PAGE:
A 57-year-old Caucasian female presents with recurrent urinary tract infections and hematuria. She reports intermittent left flank and pelvic pain, which she has had for several months. Past medical history of hyperlipidemia and osteoarthritis. Past surgical history includes cystoscopy and hysterectomy. No family history of recurrent urinary tract infections or hematuria. Physical exam of the patient was non-contributory, and the only lab value of significance was a serum creatinine 0.6 mg/dL.
Ultrasound shows a left upper pole renal arteriovenous malformation, which measures approximately 2.6cm in diameter (Figure 1). CT urogram shows a lobular mass within the left upper pole kidney, which was indeterminate but suspicious for vascular malformation (Figure 2). Left renal arteriogram shows a large cirsoid type renal arteriovenous malformation. This occupies the majority of the upper and central interpolar kidney (Figure 3). Coronal MRI shows a focal mass like area exhibiting characteristics of a flow void in the upper and central interpolar left kidney (Figure 4).
Cirsoid renal arteriovenous malformation
Renal arteriovenous malformations (AVM) are rare lesions that can be congenital or acquired. Acquired AVMs are more common, accounting for approximately 70% of cases, and typically are a result of previous biopsy, trauma, infection, malignancy, or renal surgery. Congenital AVMs accounts for the other 20%. Although the exact cause of congenital AVMs is unknown, it is thought to be associated with a defect in the elastic component of the vessel. There are two variants of congenital AVMs. “Cirsoid” variant are described as having a tortuous knotted appearance of multiple arterial vessels with interconnecting fistula. The other variant, called “cavernous” or “angiomatous,” has a single arterial vessel supply that feeds many small connecting fistulas.2 Acquired AVMs are characterized by a single direct communication between an artery and a vein without an intervening vascular nidus.3 Congenital AVMs usually present with hematuria in up to 72% of cases, while acquired AVMs are more likely to present with hemodynamic changes, such as hypertension, cardiomegaly and congestive heart failure.1 The peak incidence occurs in patients between 30 and 40 years of age and women are affected twice as much as men.4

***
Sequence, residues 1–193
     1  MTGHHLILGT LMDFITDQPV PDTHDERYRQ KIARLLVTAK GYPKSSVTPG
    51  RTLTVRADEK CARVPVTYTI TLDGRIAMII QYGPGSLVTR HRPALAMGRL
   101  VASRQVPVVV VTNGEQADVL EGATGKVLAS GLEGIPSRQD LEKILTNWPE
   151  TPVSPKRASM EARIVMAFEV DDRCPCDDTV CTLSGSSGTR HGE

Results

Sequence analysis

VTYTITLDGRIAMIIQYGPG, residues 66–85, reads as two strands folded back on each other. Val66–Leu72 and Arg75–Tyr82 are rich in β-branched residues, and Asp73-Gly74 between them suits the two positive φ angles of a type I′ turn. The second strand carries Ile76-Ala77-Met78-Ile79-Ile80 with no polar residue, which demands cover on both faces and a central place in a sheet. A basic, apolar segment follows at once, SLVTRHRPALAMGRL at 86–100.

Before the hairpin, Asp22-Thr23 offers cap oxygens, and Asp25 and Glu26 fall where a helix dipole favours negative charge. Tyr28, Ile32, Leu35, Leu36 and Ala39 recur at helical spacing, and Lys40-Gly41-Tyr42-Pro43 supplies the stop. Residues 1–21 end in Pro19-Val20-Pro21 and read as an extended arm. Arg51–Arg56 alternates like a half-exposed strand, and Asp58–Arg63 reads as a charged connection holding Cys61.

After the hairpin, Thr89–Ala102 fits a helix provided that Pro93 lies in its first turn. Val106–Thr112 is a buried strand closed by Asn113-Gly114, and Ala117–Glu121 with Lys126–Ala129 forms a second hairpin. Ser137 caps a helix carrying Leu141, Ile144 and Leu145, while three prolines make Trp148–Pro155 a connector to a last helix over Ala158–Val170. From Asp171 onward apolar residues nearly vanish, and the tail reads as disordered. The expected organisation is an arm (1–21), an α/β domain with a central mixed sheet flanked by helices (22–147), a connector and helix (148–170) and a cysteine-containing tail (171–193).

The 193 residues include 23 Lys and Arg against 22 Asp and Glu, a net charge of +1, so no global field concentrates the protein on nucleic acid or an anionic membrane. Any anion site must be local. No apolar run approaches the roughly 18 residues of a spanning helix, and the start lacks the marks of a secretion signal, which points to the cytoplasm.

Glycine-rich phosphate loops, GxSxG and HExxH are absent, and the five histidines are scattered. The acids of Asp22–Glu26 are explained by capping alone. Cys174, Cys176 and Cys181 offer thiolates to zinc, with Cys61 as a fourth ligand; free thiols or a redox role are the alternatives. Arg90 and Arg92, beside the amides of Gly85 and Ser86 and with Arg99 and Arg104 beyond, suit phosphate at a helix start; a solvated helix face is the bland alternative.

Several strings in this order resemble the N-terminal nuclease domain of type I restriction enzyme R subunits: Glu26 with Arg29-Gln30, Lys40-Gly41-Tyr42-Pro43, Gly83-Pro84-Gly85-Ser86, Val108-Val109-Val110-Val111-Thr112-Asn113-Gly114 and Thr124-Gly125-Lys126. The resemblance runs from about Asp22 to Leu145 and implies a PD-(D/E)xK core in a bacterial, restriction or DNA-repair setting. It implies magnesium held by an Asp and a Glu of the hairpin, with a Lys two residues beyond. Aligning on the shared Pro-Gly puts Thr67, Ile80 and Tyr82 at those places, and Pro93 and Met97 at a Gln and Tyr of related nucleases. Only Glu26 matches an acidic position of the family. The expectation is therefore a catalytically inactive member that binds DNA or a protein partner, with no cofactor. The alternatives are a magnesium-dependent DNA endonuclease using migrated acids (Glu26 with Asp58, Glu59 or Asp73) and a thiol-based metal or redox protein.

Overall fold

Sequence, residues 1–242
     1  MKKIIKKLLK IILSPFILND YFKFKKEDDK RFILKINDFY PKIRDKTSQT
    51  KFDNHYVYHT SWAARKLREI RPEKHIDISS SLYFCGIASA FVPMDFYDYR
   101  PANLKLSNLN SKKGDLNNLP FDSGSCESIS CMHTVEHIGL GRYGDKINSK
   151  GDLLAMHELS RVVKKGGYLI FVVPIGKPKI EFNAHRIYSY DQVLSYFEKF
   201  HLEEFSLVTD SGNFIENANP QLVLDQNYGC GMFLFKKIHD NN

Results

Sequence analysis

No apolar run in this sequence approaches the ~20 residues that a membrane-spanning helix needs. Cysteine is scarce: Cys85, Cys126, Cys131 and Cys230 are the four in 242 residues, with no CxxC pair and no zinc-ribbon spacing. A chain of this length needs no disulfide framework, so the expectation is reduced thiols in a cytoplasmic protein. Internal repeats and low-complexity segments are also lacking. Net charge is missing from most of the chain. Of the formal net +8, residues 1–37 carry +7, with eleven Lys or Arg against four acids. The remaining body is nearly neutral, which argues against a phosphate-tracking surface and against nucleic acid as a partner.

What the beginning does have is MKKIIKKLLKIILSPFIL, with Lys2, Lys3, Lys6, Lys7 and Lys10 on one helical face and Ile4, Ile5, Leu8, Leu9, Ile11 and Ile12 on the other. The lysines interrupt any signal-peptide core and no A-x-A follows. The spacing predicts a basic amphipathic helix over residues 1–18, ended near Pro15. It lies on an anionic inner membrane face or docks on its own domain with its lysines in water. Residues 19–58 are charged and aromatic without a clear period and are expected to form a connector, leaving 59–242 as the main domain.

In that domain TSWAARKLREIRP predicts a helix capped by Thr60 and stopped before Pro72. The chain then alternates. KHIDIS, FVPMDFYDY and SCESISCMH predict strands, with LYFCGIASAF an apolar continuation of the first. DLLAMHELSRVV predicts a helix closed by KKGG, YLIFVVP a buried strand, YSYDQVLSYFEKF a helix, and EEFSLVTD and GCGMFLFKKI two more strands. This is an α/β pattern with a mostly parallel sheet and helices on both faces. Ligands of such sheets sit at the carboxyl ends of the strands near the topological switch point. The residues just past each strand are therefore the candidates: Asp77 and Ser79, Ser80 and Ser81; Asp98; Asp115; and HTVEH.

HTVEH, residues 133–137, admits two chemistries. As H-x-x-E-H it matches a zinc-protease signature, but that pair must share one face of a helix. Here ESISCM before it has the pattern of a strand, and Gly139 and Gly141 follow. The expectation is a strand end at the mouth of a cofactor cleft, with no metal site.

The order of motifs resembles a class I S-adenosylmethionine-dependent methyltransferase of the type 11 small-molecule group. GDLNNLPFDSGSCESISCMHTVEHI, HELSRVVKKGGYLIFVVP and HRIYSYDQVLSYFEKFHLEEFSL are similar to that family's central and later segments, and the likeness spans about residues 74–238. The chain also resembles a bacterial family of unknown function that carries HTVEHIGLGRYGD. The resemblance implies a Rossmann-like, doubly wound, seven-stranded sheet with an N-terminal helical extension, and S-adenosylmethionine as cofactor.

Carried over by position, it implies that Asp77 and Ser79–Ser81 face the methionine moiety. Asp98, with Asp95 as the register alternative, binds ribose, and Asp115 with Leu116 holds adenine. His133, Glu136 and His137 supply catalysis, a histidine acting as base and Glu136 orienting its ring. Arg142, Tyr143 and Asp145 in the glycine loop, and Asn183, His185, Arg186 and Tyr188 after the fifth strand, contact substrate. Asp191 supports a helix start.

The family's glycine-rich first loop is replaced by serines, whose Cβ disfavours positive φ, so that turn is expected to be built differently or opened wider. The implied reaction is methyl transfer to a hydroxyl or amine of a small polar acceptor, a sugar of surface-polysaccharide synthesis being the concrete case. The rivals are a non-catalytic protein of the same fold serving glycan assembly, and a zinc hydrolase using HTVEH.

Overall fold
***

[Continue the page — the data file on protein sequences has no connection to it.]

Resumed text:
The gold standard for diagnosing renal AVM is angiography. Color Doppler US is the first-line imaging due to its low cost and ability to easily identify turbulent flow. However, lighter-colored flow of a small AVM can be obscured by the flow of normal vessels grouped in the hilum. Additionally, Color Doppler US has difficulty differentiating between the turbulent flow of an AVM and the flow from an aneurysm.6 Mulitdecetor Row CT has improved the depiction of the renal veins in the early stage of the arterial phase; allowing for minimally invasive, three-dimensional visualization of the arteries and veins.7 Classic magnetic resonance imaging is capable of distinguishing high-flow malformations suggestive of AVMs as demonstrated by areas of multiple flow voids on gradient-echo images.8 Although MRI without contrast can be a useful imaging modality in patients with concerning renal function or with contraindications for CT, it is often more costly and time consuming than other available modalities.9
Kenny D, Petruzzi N, Egizi T, Camp R. Cirsoid renal arteriovenous malformation. Appl Radiol. 2016;45(6):35-37.
Prepared by Dr. Kenny while a Body-Imaging Radiologist and Dr. Petruzzi while an Interventional Radiologist, both affiliated with Atlantic Medical Imaging and AtlantiCare Regional Medical Center; and Mr. Egizi while a third-year medical student at Rowan School of Osteopathic Medicine in Stratford, NJ; and Mr. Camp while a fourth-year medical student at Saint George University Medical School in Grenada, West Indies.